Sugar is not an isolated voice on this issue. Gordon Taylor, chief executive of the Professional Players Association, has similar views and this worry about foreign ownership is also echoed by Mark Warburton, the former City trader turned football manager who masterminded Brentford’s promotion. As he told me: “Everyone is asking about foreign players and foreign coaches but very, very few ask about foreign owners. I just wonder what happens in five year’s time? Premier League talks of decision being taken by 14 out of the 20 clubs at a meeting. What happens if we have 17 overseas owners? And there is a vote about relegation or promotion. How does that work? Some of the foreign owners are fantastic but not all of them understand the game. The emotional side, what it means to the fans. How you interact with them?”
And when I asked him what he felt the FA should do his response was that while he needed to think more deeply about it, “there has to be some sort of control. Is there some sort of test you place in terms of boxes that have to be ticked before being allowed to take over a club? Promises and commitments to make about what they will do in the future to the community, to the staff. I am not sure how you do that. For me at the moment foreign owners are a far bigger concern than foreign coaches. It is very rarely mentioned. I think it should be mentioned far more often.”
It is interesting that I am writing this as there is much debate going on about the Pfizer taking over AstraZeneca and the commitments the Americans are supposed to have made. So why does not Dyke’s FA demand similar guarantees from foreign owners?
Of course in the case of Manchester City we have been so lax that the tax payers of this country have effectively subsidised a foreign owner. To understand how this subsidy works we need to go back to Thaksin Shinawatra and his takeover in June 2007. Thaksin had been looking for an English club for years having fallen in love with the Premiership when he was owner of television rights in Thailand. He had failed to buy Fulham and Liverpool before being offered Manchester City for around £60 million and snapped it up. It may seem strange that he should buy a club which had achieved nothing for nearly four decades and had finished 15th and 16th in 2006 and 2007. But Manchester City had one big advantage over Liverpool and Fulham. They had a brand new stadium, having moved from Maine Road, its historic ground, to the City of Manchester stadium.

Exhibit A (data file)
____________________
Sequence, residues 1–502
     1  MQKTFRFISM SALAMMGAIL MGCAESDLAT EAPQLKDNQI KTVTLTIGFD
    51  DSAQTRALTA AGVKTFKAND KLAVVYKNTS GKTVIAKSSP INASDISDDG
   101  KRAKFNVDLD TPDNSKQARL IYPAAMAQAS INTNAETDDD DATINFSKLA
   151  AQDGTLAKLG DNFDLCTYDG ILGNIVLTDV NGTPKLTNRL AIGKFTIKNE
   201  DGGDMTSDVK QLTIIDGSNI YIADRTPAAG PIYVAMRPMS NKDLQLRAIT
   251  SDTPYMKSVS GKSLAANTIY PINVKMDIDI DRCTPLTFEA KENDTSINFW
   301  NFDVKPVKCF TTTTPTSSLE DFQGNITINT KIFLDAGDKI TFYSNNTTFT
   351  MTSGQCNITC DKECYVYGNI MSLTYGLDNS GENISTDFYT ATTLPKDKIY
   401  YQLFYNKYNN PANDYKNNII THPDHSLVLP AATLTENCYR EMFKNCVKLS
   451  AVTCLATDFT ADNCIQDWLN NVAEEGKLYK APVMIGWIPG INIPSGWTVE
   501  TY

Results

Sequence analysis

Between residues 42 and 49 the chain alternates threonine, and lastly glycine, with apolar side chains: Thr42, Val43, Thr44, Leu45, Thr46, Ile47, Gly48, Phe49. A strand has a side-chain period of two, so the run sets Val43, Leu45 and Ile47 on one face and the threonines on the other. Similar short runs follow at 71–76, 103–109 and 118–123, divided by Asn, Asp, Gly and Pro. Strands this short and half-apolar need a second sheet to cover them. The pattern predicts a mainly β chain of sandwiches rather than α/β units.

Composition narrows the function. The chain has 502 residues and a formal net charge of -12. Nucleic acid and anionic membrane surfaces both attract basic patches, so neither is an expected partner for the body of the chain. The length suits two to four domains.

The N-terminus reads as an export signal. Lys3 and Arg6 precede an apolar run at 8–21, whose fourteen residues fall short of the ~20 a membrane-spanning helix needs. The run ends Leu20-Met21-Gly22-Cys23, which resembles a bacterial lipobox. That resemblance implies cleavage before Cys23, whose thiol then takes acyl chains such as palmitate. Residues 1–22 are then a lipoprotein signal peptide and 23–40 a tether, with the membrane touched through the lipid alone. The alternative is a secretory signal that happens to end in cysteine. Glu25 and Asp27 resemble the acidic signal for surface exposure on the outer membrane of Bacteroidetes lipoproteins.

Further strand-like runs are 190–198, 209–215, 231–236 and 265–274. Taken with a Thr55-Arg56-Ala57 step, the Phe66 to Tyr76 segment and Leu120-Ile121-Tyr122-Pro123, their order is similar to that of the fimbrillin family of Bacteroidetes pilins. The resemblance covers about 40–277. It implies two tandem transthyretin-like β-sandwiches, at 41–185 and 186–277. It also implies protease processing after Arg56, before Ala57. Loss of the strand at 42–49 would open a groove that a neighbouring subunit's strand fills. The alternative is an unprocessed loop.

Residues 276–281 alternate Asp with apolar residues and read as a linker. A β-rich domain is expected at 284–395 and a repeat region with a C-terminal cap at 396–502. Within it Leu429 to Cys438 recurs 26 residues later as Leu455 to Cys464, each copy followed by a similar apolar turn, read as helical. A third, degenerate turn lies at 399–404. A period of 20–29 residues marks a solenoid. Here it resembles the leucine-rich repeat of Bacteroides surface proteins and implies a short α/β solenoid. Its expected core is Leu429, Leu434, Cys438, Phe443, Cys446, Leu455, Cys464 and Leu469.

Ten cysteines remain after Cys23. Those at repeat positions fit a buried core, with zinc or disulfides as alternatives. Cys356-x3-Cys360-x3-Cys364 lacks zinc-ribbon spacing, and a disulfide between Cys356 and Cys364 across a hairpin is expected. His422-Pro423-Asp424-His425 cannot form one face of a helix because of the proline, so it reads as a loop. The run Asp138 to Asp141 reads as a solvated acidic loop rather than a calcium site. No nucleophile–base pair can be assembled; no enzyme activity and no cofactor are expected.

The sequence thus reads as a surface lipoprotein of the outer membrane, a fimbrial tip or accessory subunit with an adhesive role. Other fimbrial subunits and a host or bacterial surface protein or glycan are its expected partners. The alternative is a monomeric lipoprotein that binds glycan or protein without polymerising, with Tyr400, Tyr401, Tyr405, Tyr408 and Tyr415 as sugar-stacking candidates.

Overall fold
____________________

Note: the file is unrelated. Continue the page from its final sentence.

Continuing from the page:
The stadium had been constructed for the 2002 Commonwealth Games with public money:£78 million from Sport England and £49 million from Manchester Council. But the authorities, anxious not to have a white elephant on their hands after the Games, decided the best option was to rent the 48,000 seat stadium to Manchester City. In return for that Manchester City give Maine Road to the council. They also paid £15 million to rip off the running track and convert the Commonwealth Games arena for football. But the best part was the outrageously favourable deal on the rent: a small yearly rent which only became substantial if more than 36,000 turned up for a match. This meant that the club paid between £1.4 million and £2.5 million a year in rent for seven years between 2003 and 2010.
For this the club got a state of the art stadium. Arsenal’s Emirates stadium cost £440 million and landed the Gunners with debts of £250 million. Tottenham are struggling to raise the £500 million odd they need for a new stadium. Manchester is not London, but a new stadium of the standard Manchester City got could well have cost the club a few hundred million, if in the first place they could have managed to borrow the money.
Francis Lee, who was then very involved in running City, has claimed great credit for the deal, although many think David Bernstein was the man more responsible. But whoever played the crucial role it was a great deal and, says Lee: “The new stadium made it attractive for people to buy into it.” It was certainly the carrot as far as Thaksin was concerned. Years later explaining to American professor Tom Plate why he chose Manchester City, a club and a city with which he had no known connections, Thaksin said: “Manchester City is a team with good fans and good infrastructure. It’s not too difficult to improve.”
Observe the word “infrastructure”. This makes it very clear the City of Manchester stadium was crucial to the deal. Thaksin could hardly have said good infrastructure if City was still playing at Maine Road. And for the new owner given that the stadium was in place then, as Thaksin said, it was not difficult to improve. Of course this improvement would require money. Thaksin, himself, did not put in much money and if he had any master plans for the club he never let on, unless bringing Sven Goran-Ericksson as manager is considered a master move. Thaksin appears to have seen it as something enjoyable to do while in exile. For him, sitting in the directors box ranked alongside playing golf. It was something to take his mind off as he endlessly plotted a return to power in his native land.